US Secretary of State John Kerry refused be drawn into a "back and forth" with Iran on Monday following Tehran's assertion that it had rebuffed a US request to coordinate a response to the Islamic State jihadist group, but says he was "hopefull" of reaching a nuclear deal with the Islamic republic.
Meanwhile, the UN's nuclear watchdog sought to put pressure on Iran on Monday to address suspicions it may have carried out atomic bomb research, three weeks after Tehran failed to meet a deadline for providing information about the issue.
Speaking to reporters at the US ambassador's residence in Paris after an international conference on Iraq attended by 26 countries, Kerry said "I'm not going to get into a back and forth (with Iran). I don't want to do that. I don't think that is constructive, frankly," Kerry told
Kerry was speaking after Iran's supreme leader, Ayatollah Ali Khamenei, said Tehran had vetoed a US invitation to cooperate in fighting Islamic State. "The American ambassador in Iraq asked our ambassador (in Iraq) for a session to discuss coordinating a fight against Daesh (Islamic State)," said Khamenei, in quotes carried on state news agency IRNA.
Asked if that news was false, Kerry replied, "I have no idea of what inter-operation they drew from any discussion that may or may not have taken place. We are not coordinating with Iran. Period."
Kerry said he was "hopeful" Tehran and Washington could find common ground in the next round of nuclear peace talks, which begin on Thursday. However, director general of the UN's nuclear watchdog, Yukiya Amano, said Iran had not carried out two of the five transparency steps it had agreed to implement by Aug. 25 regarding its nuclear program.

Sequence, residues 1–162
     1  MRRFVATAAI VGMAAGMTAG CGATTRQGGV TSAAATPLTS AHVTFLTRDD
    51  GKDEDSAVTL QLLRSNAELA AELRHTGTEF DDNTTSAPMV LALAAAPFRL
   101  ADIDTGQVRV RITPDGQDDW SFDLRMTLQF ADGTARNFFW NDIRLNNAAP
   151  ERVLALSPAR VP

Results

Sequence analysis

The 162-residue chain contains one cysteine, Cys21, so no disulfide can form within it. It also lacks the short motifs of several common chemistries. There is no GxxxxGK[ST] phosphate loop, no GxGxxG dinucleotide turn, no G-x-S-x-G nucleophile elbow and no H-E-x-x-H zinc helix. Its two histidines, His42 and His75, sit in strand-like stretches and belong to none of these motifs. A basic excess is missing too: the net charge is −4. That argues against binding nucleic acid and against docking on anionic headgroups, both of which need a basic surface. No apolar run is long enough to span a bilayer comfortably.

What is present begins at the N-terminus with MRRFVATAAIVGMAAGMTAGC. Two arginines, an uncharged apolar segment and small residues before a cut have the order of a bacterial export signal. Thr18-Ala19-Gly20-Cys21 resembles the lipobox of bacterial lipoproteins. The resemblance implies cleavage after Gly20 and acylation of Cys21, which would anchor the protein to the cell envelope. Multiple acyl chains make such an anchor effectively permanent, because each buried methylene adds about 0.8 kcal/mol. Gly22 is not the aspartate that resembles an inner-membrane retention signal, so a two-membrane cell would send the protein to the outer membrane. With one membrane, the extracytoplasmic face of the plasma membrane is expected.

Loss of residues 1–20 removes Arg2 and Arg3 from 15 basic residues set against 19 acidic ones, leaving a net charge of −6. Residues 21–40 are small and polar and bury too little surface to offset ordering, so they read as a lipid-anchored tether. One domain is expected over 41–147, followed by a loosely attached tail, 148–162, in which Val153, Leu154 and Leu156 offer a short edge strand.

Regarding nuclear negotiations, Keryy said "I don't express levels of optimism on it. I'm hopeful that it will be possible to find a way to reach an agreement that is important to the world but there is some very difficult issues," he said.
"There still needs to be some movement on them. And I hope Iran will do everything in its power to be creative and thoughtful and helpful in the process and that's what we both need to be," he said.
However, a lack of progress in the IAEA investigation could further complicate efforts by six world powers to negotiate a resolution to a wider, decade-old dispute with Iran and curb its nuclear work in exchange for a gradual ending of sanctions.
"In order to resolve all outstanding issues, past and present, it is very important that Iran continues to implement, in a timely manner, all practical measures agreed," Amano told the UN agency's 35-nation board of governors.
The phrase "past and present" refers to the IAEA's long-running inquiry into suspicions, denied by Iran, that the country has worked on designing a nuclear weapon.
Iran has been promising to cooperate with the IAEA since Hassan Rouhani, seen as a pragmatist, was elected president last year. It says its nuclear program is a peaceful project designed solely to generate electricity.
The two issues that have not yet been addressed by Iran under a cooperation pact with the IAEA are alleged experiments on explosives that could be used for an atomic device and also studies related to calculating nuclear explosive yields.
Amano said Iran had "begun discussions" with the IAEA on the two measures but he gave no details. He also said the UN agency had asked Iran to propose future transparency steps to help advance the investigation, but that it had yet to do so.
Earlier on Monday, world powers backed military measures on Monday to help defeat Islamic State fighters in Iraq, boosting Washington's efforts to set up a coalition, but made no mention of the tougher diplomatic challenge next door in Syria